Setup windows remote desktop on mac
However, a gap still exists for some and requires a bridge to move between computing environments. For Mac users, the stalwart tool has been the Microsoft Remote Desktop connection.
Microsoft Remote Desktop 8 on the Mac App Store
Available now through the Mac App store, it allows users to remotely connect to a Windows desktop to access local files, applications, and network resources. Click the blue "App Store" icon in your dock. Or, you can download it from our sister site Download. Once you've accessed the Mac App Store, use the search bar at the top right of the screen to search for "Microsoft Remote Desktop.
Chrome Remote Desktop
To begin the download, click the blue "Get" button. This app is free, so no price will be listed. Next, open the application by clicking through the grey "Launchpad" icon and clicking on the Remote Desktop app icon. If you think you'll be frequently using this remote desktop connection, now would be a good time to set it in your dock. At this point you'll need to enable remote access on your target PC. For a Windows 8 machine, the fastest way to get this done is to search for "Allow remote access to your computer" and click on that when it comes up.
You may need an administrator password to complete this step. Under the "System Properties" box you should see "Remote Desktop" and the button labeled "Allow remote connections to this computer" should be selected. Next, you'll need to select the users who will be able to be accessed through the remote desktop connection.
Now, search for "System" and click it when it appears. Turn off hibernation and sleep settings for the target PC, as you won't be able to access it remotely if it falls asleep.
While still in "System," it's a good time to go ahead and get your full PC name if you don't already have it, as you'll need it to set up the connection. Click on "Computer name, domain, and workgroup settings" to find the full PC name and write it down. Enabling a Windows 7 computer is a little different, but you can find out how to do that here. Head back to your Mac and click the "New" button at the top left of the Microsoft Remote Desktop screen. You'll be prompted to fill in quite a few fields.
The first thing you'll need to input is the connection name.
Mac OS X Remote Desktop Connection Instructions
This is simply what you want to call the connection and it has no real bearing on the connection itself. For example, you could call it "John's work computer," or "Jennifer's PC. Next, you'll need to input the PC name the one you wrote down from earlier , or the IP address so your Mac knows where to find your PC. The next line down allows you to configure a Gateway, which would let you connect to virtual desktops or session-based desktops that are on your company's network.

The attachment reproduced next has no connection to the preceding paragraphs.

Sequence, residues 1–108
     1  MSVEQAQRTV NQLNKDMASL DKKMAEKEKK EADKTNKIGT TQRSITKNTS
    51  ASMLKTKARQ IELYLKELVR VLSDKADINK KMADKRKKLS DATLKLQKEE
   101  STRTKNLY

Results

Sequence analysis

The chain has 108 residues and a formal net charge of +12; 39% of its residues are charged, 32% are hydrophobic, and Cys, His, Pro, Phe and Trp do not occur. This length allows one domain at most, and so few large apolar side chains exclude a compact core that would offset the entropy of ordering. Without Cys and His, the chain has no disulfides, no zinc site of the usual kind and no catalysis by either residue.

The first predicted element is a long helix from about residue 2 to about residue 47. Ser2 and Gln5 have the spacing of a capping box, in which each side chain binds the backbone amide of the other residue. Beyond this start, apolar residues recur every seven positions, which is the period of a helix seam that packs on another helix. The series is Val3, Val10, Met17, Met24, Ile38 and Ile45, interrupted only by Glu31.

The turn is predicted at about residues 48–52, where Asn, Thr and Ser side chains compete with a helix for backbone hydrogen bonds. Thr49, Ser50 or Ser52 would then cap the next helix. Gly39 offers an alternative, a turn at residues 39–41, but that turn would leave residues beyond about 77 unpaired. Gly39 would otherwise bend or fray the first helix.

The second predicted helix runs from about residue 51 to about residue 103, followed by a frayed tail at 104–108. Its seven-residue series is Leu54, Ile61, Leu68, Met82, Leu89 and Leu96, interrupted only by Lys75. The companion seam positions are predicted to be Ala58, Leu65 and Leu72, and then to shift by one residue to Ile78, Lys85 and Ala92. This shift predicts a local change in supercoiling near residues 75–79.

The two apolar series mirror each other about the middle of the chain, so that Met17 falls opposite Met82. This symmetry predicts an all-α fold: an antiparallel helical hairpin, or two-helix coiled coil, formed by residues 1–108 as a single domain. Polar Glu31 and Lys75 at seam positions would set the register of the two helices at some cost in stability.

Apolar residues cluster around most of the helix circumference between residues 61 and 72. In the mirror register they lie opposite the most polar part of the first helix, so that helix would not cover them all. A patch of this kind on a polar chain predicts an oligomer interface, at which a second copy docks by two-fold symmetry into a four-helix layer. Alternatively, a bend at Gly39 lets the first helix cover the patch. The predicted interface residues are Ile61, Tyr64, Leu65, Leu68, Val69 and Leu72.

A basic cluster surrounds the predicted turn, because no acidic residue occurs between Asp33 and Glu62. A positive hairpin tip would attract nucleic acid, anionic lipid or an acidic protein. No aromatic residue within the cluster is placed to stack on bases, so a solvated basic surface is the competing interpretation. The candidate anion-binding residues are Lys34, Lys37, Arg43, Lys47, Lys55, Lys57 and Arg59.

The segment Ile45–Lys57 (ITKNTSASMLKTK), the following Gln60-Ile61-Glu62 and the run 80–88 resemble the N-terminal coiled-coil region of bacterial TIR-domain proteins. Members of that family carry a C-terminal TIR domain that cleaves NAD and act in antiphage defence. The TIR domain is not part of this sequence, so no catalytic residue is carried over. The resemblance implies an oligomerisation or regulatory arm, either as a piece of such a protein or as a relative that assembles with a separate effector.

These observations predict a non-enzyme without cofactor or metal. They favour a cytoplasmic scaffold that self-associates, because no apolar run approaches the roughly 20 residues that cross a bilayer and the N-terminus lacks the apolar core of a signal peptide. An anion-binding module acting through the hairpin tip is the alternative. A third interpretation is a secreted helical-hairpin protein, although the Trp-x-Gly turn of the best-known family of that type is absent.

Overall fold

Check with your network administrator to see if there is a gateway you are to use. Credentials is where you will type in the domain, username, and password for the target PC so you can log in through the remote connection. Resolution, colors, and full screen mode are all personal preferences for how you want the remote desktop to launch on your machine. If you're not sure, start with the standard settings and go from there. This enables you to make certain folders on your Mac accessible within your remote Windows session.
You can work on files stored on your Mac in a Windows app, or copy files between the machines. Sharing a folder in this way does not make the folder accessible on the physical Windows computer. Your PC must be turned on and awake, and connected to the same network as your Mac.
The Remote Desktop app will list your computer, with a thumbnail preview, under Saved Desktops. Double-click it to connect. Click OK.
When your Mac establishes the remote desktop connection, your Windows PC will lock and switch to the login screen. If anyone tries to use the PC, your remote session will end.
What do you think?
Unless you changed the setting, your remote desktop session opens in full screen. To use it in a window instead, move your mouse pointer to the top of the screen and click the green window button at the top-left.
Using Windows through Remote Desktop is pretty much the same as using it on a dedicated computer. One of the few changes—and a possible point of confusion—is that the app maps the keyboard shortcuts for cut, copy, and paste to the ones used in macOS, using the Command key. However, some other shortcuts continue to use the Control key as they do in Windows. You can launch apps, work on files, or even play games if you want to.
They share the clipboard by default, though, so you can copy and paste between them instead. For a greater level of file sharing, set up a shared folder using the Local Resources setting, as we outlined above. To disconnect and end the session, simply close the Remote Desktop window on your Mac.
You can edit your settings at any time by hovering your mouse over the thumbnail in Saved Desktop and clicking the Pen icon. Microsoft Remote Desktop is an easy way to access Windows from a Mac. But what if you need to do it the other way around, or perhaps need to bring a Linux computer or a Chromebook into the mix?
Get started with Remote Desktop on Mac
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